Aesculus hippocastanum
Horsechestnut
Sapindaceae

Horse Chestnut Leaf Miner

Horse Chestnut Leaf Miner (Cameraria ohridella):

Treatment is not yet available. It is necessary to dispose of the leaves in the fall. More information here.

Diseases Aesculus hippocastanum

Horsechestnut_Leaf_Blotch **

Leaf blotch (guignardia aesculi):

Large brown discoloration (necrosis) on the leaves. Treatment is not necessary.
canker **

Canker (Nectria galligena):

Fungi that leads to the breaking off of bark. Affected twigs and branches should be removed and burned. If the trunk is affected, then an expert should be called to remove canker.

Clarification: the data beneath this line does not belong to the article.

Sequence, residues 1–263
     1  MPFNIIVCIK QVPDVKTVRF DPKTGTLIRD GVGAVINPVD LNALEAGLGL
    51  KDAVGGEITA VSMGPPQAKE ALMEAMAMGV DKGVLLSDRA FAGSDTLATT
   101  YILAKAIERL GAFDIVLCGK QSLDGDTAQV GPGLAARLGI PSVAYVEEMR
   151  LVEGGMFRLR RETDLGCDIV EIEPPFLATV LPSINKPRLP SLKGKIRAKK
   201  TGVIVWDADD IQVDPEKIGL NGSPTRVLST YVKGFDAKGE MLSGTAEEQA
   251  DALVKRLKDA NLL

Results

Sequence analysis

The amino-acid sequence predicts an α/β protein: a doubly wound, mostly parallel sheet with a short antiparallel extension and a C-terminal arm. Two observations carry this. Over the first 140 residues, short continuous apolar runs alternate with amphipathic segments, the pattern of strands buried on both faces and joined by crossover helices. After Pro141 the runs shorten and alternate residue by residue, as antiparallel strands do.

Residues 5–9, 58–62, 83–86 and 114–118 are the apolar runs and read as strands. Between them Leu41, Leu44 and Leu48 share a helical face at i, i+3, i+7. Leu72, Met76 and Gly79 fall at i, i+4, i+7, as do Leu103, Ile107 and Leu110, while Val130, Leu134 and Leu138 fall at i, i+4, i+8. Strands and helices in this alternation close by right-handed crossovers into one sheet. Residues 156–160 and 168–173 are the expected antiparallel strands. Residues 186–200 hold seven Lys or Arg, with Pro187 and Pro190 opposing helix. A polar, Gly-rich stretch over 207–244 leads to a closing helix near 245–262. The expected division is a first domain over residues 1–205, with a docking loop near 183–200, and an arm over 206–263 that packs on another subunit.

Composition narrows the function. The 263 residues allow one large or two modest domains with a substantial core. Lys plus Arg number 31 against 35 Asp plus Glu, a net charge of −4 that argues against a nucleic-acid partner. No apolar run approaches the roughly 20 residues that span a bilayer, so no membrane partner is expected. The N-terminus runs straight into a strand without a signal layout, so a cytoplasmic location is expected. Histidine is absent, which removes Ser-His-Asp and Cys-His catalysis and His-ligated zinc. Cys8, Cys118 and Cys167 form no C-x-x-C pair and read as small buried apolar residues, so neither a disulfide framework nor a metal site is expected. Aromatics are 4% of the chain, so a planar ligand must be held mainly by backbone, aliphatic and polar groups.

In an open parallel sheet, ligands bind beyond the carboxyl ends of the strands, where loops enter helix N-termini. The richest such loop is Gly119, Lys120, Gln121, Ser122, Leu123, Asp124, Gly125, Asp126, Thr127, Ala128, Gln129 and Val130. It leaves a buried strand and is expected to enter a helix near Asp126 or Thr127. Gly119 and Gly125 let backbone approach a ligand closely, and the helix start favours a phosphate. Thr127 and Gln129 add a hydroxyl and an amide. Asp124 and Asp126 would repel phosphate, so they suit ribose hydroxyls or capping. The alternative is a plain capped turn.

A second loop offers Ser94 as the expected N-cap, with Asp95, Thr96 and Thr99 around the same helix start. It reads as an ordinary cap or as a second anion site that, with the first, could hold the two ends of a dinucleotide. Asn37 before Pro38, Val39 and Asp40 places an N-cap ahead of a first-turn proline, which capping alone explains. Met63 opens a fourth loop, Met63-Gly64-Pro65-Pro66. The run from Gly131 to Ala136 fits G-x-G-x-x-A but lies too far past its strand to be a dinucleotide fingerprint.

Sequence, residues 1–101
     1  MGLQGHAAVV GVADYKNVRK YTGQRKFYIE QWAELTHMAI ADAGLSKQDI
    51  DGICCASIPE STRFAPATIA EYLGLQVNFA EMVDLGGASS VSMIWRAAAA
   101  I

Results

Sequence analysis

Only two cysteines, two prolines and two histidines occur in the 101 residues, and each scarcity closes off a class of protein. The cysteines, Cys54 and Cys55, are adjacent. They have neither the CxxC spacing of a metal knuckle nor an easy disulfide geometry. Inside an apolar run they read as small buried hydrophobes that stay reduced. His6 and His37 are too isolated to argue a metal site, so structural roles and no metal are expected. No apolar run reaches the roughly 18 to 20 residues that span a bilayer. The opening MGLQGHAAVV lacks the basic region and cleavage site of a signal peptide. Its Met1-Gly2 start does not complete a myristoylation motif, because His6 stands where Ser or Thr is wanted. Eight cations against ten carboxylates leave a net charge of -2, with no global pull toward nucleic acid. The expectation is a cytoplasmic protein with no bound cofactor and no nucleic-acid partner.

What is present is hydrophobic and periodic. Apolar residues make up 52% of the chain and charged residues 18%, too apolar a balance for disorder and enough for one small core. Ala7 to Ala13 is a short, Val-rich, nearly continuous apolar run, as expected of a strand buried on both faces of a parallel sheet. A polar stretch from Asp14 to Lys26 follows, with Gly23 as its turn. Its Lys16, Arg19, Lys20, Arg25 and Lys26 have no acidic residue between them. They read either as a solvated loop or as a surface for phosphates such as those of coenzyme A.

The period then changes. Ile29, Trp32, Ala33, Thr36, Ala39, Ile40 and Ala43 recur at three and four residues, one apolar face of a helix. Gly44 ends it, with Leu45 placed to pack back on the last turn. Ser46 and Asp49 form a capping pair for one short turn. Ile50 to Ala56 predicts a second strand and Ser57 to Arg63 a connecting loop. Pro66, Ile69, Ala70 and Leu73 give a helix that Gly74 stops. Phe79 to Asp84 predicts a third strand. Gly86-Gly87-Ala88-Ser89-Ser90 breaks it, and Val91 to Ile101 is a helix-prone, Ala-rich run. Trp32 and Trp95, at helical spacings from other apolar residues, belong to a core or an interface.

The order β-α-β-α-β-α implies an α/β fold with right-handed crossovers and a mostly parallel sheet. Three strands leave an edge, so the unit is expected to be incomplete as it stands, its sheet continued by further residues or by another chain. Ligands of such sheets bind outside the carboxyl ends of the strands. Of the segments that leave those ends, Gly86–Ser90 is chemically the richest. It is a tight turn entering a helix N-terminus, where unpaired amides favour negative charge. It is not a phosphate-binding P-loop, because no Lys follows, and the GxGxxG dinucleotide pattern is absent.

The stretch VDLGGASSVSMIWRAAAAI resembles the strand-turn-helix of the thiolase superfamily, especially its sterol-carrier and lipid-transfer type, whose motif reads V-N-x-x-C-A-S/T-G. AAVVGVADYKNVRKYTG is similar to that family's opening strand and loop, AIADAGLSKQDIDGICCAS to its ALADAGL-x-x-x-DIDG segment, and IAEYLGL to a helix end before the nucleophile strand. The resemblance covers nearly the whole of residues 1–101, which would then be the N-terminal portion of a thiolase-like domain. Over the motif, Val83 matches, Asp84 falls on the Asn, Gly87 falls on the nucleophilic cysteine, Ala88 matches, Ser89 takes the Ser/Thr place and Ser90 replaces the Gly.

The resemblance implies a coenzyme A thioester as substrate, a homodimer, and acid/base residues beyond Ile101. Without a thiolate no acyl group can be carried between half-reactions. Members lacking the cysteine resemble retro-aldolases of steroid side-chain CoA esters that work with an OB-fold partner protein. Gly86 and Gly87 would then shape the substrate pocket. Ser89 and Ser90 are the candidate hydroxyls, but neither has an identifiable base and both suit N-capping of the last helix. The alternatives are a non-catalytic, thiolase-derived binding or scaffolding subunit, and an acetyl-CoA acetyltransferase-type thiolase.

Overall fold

aesculus hippocastanum leaf.jpg **aesculus hippocastanum leaf_back side **aesculus hippocastanum flowers **aesculus hippocastanum fruit_2 **aesculus hippocastanum fruit **aesculus hippocastanum fruit_3 **aesculus hippocastanum buds **aesculus hippocastanum bud_2 **aesculus hippocastanum stigma **aesculus hippocastanum stem_trunk **

Classification Aesculus hippocastanum

Height: up to 25 m (82 ft)

Leaf: 5 -7 leaves finger-like, doubly serrated

Flowers: May, white to yellowish red, umbels 20 -30 cm, upright

Fruit: capsule, thorny, spring open, 1 - 2 nuts

Branches: light brown to reddish brown

Bark: brown - grayish green

Root: deep roots in the shape of a heart

Habitat: sun to partial shade

Soil: sandy to loamy

ph-value: slightly acidic to basic

Mark: Tree of the Year 2005 The tree carries the designation because in early times sick horses were fed chestnuts to fight sickness, for example, coughing and intestinal worms.